Wilson, whose tribal affiliation makes him a U.S. citizen, was born on the Mexican side of the border but grew up crossing it freely between home and school.
“When I was young, this fence wasn’t here,” he said. “We spoke mostly O’odham, and we always crossed back and forth from school to home.”
O’odham then not only identified as O’odham first but also lived, functioned and socialized as O’odham first. The distinction of American or Mexican was secondary. But in the 1990s, when Mexican drug cartels began to infiltrate the reservation, violence exploded. Today, tribal officials still consider drug activity to be at a crisis level and have been actively — and fairly successfully — working to control it.
According to the Tohono O’odham Department of Public Safety, migrant apprehensions on the reservation dropped by 84 percent from 2003 to 2016, thanks in large part to the tribe’s contribution of resources and efforts. During that time, the Tohono O’odham Police Department and U.S. Border Patrol worked together to seize a yearly average of about 300,000 pounds of illegal drugs on the reservation.
Integrated Fixed Towers, otherwise known as IFTs, are now the focus of conversation about the border for the Tohono O’odham. Described as a “virtual wall,” IFTs are solar-powered surveillance systems equipped with infrared and video technology to detect movement. According to U.S. Customs and Border Protection, the towers use surveillance cameras to help Border Patrol agents detect and respond more quickly to border incursions.
Right now, there are 52 IFTs up and running in southern Arizona. None, however, are on the Tohono O’odham Reservation. Both the tribal chairman and vice chairman support IFTs, as do many other leaders and citizens, but the nation’s young activists are staunchly opposed.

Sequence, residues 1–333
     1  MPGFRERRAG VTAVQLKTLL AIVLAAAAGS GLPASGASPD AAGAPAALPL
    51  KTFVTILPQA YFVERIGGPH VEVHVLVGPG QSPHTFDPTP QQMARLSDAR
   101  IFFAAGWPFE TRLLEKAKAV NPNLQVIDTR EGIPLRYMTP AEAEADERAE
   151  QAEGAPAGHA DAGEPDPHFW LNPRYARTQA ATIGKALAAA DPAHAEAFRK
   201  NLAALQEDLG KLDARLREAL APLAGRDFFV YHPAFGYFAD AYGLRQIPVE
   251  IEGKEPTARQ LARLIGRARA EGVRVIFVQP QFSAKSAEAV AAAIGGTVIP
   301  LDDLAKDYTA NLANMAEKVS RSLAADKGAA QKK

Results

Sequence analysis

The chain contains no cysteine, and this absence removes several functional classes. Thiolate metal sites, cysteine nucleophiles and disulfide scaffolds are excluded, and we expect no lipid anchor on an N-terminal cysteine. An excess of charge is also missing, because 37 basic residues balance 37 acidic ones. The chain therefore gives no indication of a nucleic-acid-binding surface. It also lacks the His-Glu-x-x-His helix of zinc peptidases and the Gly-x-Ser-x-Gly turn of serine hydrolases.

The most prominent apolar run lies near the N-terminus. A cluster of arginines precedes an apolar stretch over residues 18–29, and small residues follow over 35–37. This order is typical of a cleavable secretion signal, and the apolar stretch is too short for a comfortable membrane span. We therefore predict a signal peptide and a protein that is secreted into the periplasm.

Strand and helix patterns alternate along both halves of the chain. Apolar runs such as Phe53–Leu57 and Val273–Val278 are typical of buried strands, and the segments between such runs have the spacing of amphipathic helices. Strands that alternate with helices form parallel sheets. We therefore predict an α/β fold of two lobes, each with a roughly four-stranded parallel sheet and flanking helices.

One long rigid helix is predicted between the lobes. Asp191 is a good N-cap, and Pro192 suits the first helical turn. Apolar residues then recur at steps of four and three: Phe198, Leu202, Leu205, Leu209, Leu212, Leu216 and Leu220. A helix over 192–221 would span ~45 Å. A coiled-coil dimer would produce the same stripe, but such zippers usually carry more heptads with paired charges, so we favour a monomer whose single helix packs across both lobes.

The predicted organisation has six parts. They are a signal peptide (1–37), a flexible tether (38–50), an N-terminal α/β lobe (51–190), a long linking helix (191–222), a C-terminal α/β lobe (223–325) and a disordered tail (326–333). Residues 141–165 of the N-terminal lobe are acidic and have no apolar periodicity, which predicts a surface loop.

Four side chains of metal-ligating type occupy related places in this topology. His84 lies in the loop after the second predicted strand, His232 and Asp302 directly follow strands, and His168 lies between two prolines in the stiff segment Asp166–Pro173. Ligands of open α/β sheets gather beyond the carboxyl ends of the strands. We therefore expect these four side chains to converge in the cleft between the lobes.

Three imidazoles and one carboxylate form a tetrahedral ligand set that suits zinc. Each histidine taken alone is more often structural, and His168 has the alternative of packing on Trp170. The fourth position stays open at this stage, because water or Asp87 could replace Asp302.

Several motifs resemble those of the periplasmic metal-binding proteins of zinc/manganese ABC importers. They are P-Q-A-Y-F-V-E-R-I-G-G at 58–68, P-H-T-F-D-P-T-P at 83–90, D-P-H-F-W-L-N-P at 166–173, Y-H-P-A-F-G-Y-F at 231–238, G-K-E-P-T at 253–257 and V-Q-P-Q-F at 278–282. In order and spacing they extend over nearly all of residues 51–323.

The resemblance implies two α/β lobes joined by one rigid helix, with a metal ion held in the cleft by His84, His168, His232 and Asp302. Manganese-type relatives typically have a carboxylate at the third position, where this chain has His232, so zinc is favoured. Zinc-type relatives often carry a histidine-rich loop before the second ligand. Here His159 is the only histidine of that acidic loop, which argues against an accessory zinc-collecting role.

“We got a lot of press on the wall, but there’s a huge gap in coverage regarding the IFTs,” said Nellie David, a tribal member who is writing her dissertation on border security issues at the University of Arizona. “These towers are a huge violation of our rights.”
“Once they go up, we’ll be watched 24/7,” said David. “This is unprecedented surveillance toward an entire community, and it’s unconstitutional encroachment on our rights and privacy.”
David and other opponents say they are also concerned about the IFTs’ environmental impacts. Even though an environmental assessment has been completed, activists contend that there isn’t enough data to ensure that, say, bird and bat migration patterns won’t be affected. And many of the towers would be built in areas considered sacred to many O’odham. (U.S. Customs and the Border Patrol did not respond to repeated requests for comment on IFTs.)
“We have sacred mountains where the community can’t even live because they’re so sacred — our medicine men are buried in those mountains,” said David. “And that’s one of the mountains where they plan to put some towers.”
“The (Tohono O’odham) Nation is afraid that if we don’t do our part as American citizens to protect America, then that puts us in danger as a tribe — especially with the Trump administration,” said Amy Juan, an anti-IFT activist who also works for the International Indian Treaty Council. “I understand the political game. Everybody’s hope is that if we approve the towers, we won’t have to deal with the wall. But at the end of the day, we might just end up with both.”
The day I visited the border, where the road from Sells ended, I stood near the fence with Art Wilson, listening to stories from his childhood. As we talked, a Border Patrol agent approached us and warned us, respectfully, that without permission from the Tohono O’odham government we would have to leave the area and take our cameras with us. Wilson showed the agent his tribal I.D. and the issue was settled, but it seemed odd to me that a Tohono O’odham tribal member in his own homeland would need to carry identification for American border agents.
Wilson appeared unbothered. But as we drove north along the rough, dirt road, I asked him what he would do to solve the problem.
“I want them to pick up that fence and move it south so that all of our O’odham people can be together.”